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Thursday, December 13, 2007

Gene Wolfe's "Long Sun" books

Often, when I write about literary works, I try not to give away the plot, because I suppose that, once in a while, there may be someone reading this blog who has never read the work under discussion, but decides to try it. This post will be my first one about the four "Long Sun" novels by Gene Wolfe. In this case, the plot is so complex that I'm not sure that I could give it away. Let me rephrase that. The basic plot can be described in a sentence or two, but such sentences would leave out important and interesting parts of these stories. This is not surprising, since many critics, and readers, would say that Wolfe belongs on any reasonable short list of the best writers of fantastic literature who write in English. I will not try to hide the plot in the posts I write about these books.

Here's the basic plot: The Whorl is an enormous hollow spaceship, which is gradually deteriorating. Silk, a young priest, has a spiritual awakening, which culminates in his congregation leaving The Whorl at the end of the fourth book.

The four books are Nightside the Long Sun, Lake of the Long Sun (both 1993, and combined into Litany of the Long Sun, 1994) Caldé of the Long Sun (1994) and Exodus from the Long Sun (1996) which latter two were combined into Epiphany of the Long Sun (1997).

The population of the Whorl is large, probably at least millions, and lives on the inside of this giant space ship, which is mostly an enormous hollow space, with the people living in cities on the inside of the outer wall. (There are tunnels in the wall, and some people live in the tunnels.) The Long Sun is the object that illuminates the interior of the Whorl. It is an artificial sun, apparently suspended along the axis of the ship, and there is a mechanism which sequentially darkens parts of the Whorl's interior, so that there is night and day in this great ship.

Caldé is the title given to the ruler of Viron, the city where Silk lives. Although I can't determine the origin of the word, I would guess that Wolfe found it somewhere. He has a genius for finding obscure ones. Some used in these books are manteion, the house of worship of the religion of Viron; Maytera, the title of females dedicated to the service of the religion -- think nuns; Prolocutor, the head of the religion; Ayuntiamento, the government of Viron; and The Juzgado, the prison.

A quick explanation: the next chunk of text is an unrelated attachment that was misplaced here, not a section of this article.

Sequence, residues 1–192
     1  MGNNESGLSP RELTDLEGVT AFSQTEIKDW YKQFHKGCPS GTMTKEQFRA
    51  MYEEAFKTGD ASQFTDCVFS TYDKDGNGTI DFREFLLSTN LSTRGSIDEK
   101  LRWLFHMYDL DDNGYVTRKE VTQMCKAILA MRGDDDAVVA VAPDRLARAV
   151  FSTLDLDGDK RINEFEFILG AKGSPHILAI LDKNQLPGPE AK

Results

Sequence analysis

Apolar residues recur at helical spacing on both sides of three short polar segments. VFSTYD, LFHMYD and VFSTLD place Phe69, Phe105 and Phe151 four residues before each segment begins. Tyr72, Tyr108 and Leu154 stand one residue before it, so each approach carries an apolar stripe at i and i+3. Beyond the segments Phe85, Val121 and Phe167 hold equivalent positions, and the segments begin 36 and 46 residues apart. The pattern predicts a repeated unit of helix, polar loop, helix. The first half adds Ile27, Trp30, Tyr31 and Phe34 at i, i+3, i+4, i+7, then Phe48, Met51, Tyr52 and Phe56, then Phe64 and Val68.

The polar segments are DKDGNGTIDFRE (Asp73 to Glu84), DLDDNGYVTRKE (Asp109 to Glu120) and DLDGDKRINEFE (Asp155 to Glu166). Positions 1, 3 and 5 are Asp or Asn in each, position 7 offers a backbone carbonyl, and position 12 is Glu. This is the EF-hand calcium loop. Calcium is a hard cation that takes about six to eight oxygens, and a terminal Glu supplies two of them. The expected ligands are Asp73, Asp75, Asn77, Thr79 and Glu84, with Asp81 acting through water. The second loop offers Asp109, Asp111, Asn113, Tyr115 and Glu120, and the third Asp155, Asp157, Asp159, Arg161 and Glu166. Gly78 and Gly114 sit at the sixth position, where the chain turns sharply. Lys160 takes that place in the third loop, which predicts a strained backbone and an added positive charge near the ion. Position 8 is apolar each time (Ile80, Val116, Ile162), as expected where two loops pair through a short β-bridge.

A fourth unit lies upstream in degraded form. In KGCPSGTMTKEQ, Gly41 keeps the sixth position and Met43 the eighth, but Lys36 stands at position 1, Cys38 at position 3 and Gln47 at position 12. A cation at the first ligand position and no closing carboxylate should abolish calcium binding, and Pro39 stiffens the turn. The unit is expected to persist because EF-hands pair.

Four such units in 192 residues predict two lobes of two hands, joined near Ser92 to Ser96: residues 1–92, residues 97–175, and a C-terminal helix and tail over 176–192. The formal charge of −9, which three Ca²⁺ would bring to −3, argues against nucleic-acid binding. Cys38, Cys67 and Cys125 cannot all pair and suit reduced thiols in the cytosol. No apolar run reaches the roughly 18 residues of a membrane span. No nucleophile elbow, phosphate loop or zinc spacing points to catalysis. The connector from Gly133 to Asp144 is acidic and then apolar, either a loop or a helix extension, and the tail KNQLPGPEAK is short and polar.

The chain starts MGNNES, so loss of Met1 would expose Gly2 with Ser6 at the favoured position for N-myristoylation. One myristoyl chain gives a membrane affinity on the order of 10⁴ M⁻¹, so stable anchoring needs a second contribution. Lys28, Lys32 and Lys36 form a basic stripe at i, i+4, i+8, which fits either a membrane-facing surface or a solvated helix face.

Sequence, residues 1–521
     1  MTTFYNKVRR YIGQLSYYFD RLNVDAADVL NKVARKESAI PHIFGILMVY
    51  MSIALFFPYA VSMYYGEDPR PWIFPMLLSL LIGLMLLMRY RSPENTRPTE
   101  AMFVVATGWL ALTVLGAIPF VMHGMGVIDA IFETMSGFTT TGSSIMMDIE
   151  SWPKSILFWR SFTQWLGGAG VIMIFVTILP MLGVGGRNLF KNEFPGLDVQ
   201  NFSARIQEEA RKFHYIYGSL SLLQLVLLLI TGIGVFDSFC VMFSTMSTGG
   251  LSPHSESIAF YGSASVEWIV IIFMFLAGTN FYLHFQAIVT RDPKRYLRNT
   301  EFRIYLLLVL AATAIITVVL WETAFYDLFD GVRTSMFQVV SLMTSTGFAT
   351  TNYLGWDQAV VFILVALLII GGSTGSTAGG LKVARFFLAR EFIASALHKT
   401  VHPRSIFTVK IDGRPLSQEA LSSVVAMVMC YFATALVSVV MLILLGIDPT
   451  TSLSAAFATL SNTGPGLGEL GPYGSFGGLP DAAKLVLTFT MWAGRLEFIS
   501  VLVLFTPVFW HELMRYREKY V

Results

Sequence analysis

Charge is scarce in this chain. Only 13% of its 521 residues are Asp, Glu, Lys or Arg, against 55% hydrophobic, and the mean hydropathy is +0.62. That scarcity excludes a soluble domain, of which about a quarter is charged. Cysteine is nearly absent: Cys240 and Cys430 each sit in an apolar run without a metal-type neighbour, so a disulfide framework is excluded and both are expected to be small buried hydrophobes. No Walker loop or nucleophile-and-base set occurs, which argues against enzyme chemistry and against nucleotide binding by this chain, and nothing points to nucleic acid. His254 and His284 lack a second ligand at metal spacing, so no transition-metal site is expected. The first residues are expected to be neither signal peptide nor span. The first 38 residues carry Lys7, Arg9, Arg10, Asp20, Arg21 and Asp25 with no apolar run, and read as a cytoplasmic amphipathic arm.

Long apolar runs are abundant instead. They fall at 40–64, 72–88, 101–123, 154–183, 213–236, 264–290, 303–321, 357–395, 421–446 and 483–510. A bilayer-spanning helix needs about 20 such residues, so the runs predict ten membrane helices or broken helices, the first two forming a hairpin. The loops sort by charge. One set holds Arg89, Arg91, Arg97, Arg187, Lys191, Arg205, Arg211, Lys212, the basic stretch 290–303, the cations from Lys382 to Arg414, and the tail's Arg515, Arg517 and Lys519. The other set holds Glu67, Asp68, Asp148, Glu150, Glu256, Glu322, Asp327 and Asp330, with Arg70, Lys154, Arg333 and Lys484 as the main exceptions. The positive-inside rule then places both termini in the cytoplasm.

Here are some key on-line references about Gene Wolfe's "Long Sun" series.

The Wikipedia article is here.

Nick Gevers, Wolfe critic par excellence, has written about the four books, and about connections with Wolfe's other works. In this article, he presents evidence for such connections, and argues that Silk, the main character, is a Christ-figure. In this one, he considers Silk further, and also discusses augury, an important part of the books. (See here for the Wikipedia article on augury. This page discusses Augury in the ancient world.)

Dave Langford has written reviews of the books. These are found here.

Somewhat shorter articles on the series are found here and here, in web pages that also contain material on additional Wolfe works.

The author, Wolfe, has responded to some questions about the book, sometimes cryptically, sometimes more clearly.

I have posted about Wolfe previously, here.

Thanks for reading.

4 comments:

Elliot said...

Thanks for this, Martin.

I've come across the word 'calde' in the real world. If I remember correctly it was a Spanish word for mayor. Ayuntamiento is also derived from Spanish. Viron is culturally vaguely Spanish or Latin American, which is one reason why blond-haired, blue-eyed Silk stands out a bit to his neighbours. Of course, this is a Gene Wolfe story, so that's only implied in one or two passing comments.

Martin LaBar said...

Thanks, elliot!

For anyone who doesn't know, elliot is a Wolfe expert. His blog is named after one of Gene Wolfe's novels.

Anonymous said...

Alcalde is Spanish for mayor. I don't know if its ever abbreviated anywhere to Calde familiarly, but I'm no expert.

I'm pretty sure that nowhere in the Spanish-speaking world is it pronounced with an accent on the final e, but perhaps this is how the language has evolved in the Whorl, or else its actually derived from Portugese or Catalan or something.

Martin LaBar said...

Thanks, Anonymous, whoever you may be.